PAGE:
Just an odd little one that’s been rolling around my head since the cafe last night, gathering some substance. I don’t believe what I thought would stick is what ended up in here, but that’s how these things work. Pretty much the way I was feeling in the evening, carried through into today. I’m not sure what a lot of it means; will have to step back and come have a look later on.


An aphid, one peridot pixel,
is emigrating across my knuckle on her way
from the window to the teapot. I will believe
in good omens.

Lately, it’s been impossible
to find anything calm. Water does not
sit idly in the cup; words clothe themselves
with unwanted meanings. Last night,
I scrubbed my hands until the skin went white
and cracked into desert islands
rather than give myself away.

There isn’t much I ask for:
kinship with the things that crawl,
half-light and pleasant music, something warm
that I can hold while it grows cool. I don’t miss
anything except the simple pleasures;
but I hope for the onion-skinned ones,
so complicated and so easily torn.

Bring me a lantern to see with,
a bell to speak with. Bring me the night
brimming between sealed fingers,
and drip it into my wounds.

That will be restoration and
the beginning of faith. And I will be the mirror
holding the world still. A six-legged scrap
of pine pollen gathers
intention from the isthmus of my thumb,
carries it like a charm from one place
to another. Sometimes we have to
remind ourselves.

Not everything we touch will turn
to ashes: I keep trying to cling to everything
that won’t.

19 thoughts on “Plea

  1. mareymercy says:

    Lately, it’s been impossible
    to find anything calm.

    I love the turn on that line!

  2. Crazy how poetry works. This is beautiful and a little haunting. I love it.

  3. Oh, Joseph, I REALLY have to get here more often! This piece is… yes, hauntingly beautiful — to steal from valderingrojas. And your comment reminded me of a favorite quote from Socrates who said:
    “I decided that it was not wisdom that enabled poets to write their poetry, but a kind of instinct or inspiration, such as you find in seers and prophets who deliver all their sublime messages without knowing in the least what they mean.” Yup! Sometimes it’s like that! Love this.

  4. Irene says:

    Love this! It reaches into unspoken places.

  5. barbara_ says:

    This is one that will last beyond us.

  6. brian miller says:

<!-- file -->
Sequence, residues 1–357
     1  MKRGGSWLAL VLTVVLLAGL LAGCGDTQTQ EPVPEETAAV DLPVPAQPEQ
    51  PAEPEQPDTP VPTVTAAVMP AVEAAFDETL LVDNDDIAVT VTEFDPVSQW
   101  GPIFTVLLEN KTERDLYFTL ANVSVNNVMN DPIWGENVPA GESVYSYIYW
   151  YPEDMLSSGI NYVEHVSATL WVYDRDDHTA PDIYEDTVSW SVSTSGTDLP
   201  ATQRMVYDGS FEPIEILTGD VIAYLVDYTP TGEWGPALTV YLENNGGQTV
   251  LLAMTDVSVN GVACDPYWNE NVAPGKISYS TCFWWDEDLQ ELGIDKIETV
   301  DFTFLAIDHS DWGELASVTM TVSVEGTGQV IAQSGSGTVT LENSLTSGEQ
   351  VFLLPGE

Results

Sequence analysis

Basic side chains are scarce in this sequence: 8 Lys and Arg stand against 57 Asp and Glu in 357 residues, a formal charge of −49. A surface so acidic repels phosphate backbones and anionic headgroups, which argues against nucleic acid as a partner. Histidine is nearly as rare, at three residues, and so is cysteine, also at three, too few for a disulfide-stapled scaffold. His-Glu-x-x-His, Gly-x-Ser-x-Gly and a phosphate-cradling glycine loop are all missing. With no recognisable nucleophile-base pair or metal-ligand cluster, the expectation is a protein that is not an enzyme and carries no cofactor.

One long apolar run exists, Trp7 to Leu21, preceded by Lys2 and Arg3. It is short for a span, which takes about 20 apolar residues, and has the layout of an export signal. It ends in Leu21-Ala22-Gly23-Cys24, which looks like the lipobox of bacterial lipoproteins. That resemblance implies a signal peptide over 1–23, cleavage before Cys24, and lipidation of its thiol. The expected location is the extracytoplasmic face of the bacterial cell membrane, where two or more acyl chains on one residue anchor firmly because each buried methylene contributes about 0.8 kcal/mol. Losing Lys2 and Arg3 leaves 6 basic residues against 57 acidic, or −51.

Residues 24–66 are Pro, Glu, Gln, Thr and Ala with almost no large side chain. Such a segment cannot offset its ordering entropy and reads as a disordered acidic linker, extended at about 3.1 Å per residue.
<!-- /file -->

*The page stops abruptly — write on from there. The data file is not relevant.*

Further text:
some really cool touches…i will be the mirror holding hte world still…like that…the simple things you need…i def relate to that in many ways….

  7. claudia says:

    Bring me a lantern to see with,
    a bell to speak with. Bring me the night
    brimming between sealed fingers,
    and drip it into my wounds…just love esp. this part..

  8. poemblaze says:

    Great poem of gritty determination to see the light despite wounds. The aphid is an amazing starting point for the poem.

  9. Joseph, I read this poem as a former Manhattanite. It feels as though you are longing for some time – but not forever – in the country, closer to simpler beings, uncomplicated sounds… It breathes. Amy

  10. Really like the closing lines.

  11. Second, fourth and last stanzas just brought this whole thing to life for me, really mesmerizing and moving. Really powerful piece and I love that it just forced its way out even if you didn’t know why at the time.

  12. SolariC says:

    This poem captures magnificently the feeling of failure that can haunt the poet, or even the person, but also the hope we can and should have, that at least some of the things coming from or through us will be beautiful anyway. Really inspiring work! I am glad I came upon it.

  13. This one really speaks to my heart, Joseph. I find myself in that space of needing to believe, trying to believe, that not everything I touch will become chaotic. The hope for a lantern and a bell. Thanks for sharing this, and for hanging onto good omens.

  14. Evelyn says:

    My GOD this is impressive. WOW.

  15. This takes me to hidden places — like where the cockroach hides — but makes me see them for the first time. Many of the things we won’t touch will survive when our “civilization” turns to ashes. And I suspect they WILL crawl on six legs…

  16. I love the description of an aphid as a peridot pixel – genius!

  17. Sue Judd says:

    Haunting poetry, had to read it again, aloud. Especially liked
    ” Bring me a lantern to see with,
    a bell to speak with. Bring me the night
    brimming between sealed fingers,
    and drip it into my wounds.”

  18. Joseph, I love exactly what Sue above me does. A beautifully haunting piece of writing.


  19. The things you ask for are worth asking for! :)

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